Guavate, a section of Cayey better known as the Ruta del Lechon ("Pork Highway"), bursts into a rush of food-infused ecstasy every Friday and Saturday. People from all parts of the island come to watch someone roast a whole pig over the open fire before chopping it with a machete. Side dishes abound. I recommend sorrullos (corn sticks), bacalaitos (cod fritters), alcapurrias (fritters made of plantain dough and stuffed with meat), and rice with different types of beans. The blood sausage is not for me, but my father and boyfriend devour it every chance they get.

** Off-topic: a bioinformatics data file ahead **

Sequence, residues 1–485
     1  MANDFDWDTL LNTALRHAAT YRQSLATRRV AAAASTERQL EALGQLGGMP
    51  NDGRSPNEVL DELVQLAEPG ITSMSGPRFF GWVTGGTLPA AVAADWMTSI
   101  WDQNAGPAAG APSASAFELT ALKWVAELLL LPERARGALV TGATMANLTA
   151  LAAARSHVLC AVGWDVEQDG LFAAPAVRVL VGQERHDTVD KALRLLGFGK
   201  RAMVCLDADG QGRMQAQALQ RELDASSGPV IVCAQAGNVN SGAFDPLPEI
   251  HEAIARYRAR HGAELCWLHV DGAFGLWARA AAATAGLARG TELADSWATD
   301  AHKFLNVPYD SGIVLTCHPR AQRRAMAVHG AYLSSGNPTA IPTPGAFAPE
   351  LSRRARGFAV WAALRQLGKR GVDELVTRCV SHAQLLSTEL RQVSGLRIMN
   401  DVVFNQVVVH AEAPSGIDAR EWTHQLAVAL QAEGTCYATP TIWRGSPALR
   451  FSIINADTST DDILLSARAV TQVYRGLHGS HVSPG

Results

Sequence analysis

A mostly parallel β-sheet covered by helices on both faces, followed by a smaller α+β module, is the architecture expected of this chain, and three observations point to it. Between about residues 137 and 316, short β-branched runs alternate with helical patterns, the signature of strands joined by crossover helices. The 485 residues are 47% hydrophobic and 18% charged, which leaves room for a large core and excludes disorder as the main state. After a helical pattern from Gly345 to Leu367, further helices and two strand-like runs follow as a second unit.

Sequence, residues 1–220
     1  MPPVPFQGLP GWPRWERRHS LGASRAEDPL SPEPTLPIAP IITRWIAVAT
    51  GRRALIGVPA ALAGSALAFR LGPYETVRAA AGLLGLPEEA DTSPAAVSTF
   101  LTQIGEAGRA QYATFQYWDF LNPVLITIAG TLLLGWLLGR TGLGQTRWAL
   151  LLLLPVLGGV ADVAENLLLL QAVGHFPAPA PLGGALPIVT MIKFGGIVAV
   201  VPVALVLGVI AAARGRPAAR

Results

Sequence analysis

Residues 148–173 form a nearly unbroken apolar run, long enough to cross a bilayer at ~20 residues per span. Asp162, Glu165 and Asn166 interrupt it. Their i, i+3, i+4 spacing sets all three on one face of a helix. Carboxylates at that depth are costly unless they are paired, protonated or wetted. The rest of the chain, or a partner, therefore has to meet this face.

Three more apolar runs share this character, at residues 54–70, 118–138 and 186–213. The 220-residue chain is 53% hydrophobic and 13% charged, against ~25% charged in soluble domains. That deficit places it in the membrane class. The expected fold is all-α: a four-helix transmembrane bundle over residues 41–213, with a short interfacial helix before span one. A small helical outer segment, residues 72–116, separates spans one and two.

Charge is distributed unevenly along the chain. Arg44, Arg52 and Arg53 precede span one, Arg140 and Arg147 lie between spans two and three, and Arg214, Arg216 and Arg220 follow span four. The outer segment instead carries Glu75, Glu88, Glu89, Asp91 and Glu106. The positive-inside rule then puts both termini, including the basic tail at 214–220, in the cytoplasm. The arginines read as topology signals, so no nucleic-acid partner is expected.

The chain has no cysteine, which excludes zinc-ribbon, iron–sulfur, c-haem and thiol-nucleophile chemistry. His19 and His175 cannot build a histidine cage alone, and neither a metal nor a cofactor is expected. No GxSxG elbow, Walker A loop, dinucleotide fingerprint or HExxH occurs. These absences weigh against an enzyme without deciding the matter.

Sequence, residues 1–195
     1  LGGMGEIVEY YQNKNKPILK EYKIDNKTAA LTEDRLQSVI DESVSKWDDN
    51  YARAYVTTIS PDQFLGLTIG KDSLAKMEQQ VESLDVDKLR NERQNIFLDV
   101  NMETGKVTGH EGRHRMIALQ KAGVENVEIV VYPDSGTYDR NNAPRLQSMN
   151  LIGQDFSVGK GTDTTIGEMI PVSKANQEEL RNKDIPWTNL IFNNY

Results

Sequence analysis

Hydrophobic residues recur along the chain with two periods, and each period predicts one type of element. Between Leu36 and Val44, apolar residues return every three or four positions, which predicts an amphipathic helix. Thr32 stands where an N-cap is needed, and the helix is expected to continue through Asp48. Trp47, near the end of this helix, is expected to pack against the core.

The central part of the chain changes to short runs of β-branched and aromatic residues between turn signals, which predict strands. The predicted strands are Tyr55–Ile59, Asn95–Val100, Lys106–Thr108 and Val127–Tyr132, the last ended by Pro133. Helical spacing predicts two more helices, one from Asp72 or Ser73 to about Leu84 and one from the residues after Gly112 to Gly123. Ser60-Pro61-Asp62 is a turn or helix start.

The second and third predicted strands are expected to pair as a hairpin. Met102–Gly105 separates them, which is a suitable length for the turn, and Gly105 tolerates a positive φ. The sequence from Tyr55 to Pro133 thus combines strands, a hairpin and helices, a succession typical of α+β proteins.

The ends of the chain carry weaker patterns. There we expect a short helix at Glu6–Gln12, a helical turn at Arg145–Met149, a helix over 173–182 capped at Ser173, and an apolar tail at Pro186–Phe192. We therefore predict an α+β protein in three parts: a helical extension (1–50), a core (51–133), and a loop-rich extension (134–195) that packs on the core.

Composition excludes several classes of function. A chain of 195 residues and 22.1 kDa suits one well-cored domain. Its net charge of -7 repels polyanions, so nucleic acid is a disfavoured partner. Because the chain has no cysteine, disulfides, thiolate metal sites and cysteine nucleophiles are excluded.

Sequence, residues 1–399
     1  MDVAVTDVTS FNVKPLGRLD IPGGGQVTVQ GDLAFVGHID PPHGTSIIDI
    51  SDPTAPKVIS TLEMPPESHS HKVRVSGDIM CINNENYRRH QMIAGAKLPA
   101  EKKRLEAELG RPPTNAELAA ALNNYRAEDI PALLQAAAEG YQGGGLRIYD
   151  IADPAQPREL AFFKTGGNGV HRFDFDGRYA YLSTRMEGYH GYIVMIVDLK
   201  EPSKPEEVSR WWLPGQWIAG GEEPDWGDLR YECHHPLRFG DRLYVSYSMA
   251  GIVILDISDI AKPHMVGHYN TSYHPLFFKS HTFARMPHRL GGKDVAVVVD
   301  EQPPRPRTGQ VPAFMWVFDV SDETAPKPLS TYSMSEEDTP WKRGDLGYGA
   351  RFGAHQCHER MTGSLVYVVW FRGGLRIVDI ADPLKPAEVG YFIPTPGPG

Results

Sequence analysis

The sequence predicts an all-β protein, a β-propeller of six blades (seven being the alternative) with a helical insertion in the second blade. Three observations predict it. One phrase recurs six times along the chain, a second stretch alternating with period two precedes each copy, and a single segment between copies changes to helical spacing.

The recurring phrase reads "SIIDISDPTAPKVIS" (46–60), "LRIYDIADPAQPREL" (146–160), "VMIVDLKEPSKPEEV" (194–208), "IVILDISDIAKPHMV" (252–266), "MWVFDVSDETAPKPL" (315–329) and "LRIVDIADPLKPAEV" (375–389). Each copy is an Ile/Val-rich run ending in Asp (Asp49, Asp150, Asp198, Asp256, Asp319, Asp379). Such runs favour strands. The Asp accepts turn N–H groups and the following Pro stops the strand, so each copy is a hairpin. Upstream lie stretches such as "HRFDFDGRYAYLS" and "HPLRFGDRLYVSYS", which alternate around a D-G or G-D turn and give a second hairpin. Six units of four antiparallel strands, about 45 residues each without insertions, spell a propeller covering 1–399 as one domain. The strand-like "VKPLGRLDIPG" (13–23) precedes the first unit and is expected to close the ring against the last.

Here in the mountains, shacks of all sizes let you pick your poison—beer, piña colada, or mojito (made from lime, mint leaves, rum, and sugar)—and drink to the beat of salsa and reggateon music. This creates the euphoric atmosphere for which Puerto Ricans are so famous. The cherry on top of the piña colada: Guavate lets you absorb the laughter, music, and food for a reasonable price.
If you want the pig, but not the rambunctiousness, take your food to El Yunque National Forest and eat it by a waterfall (see my "Swimming Under a Hidden Waterfall" highlight).
To find it, get on Luis A. Ferre Expressway, take the exit toward PR-184, and follow the signs for Guavate. You’ll start seeing pork soon after you take PR-184, but wait about fifteen minutes (until you’re around km 27) before you stop to get all the real action.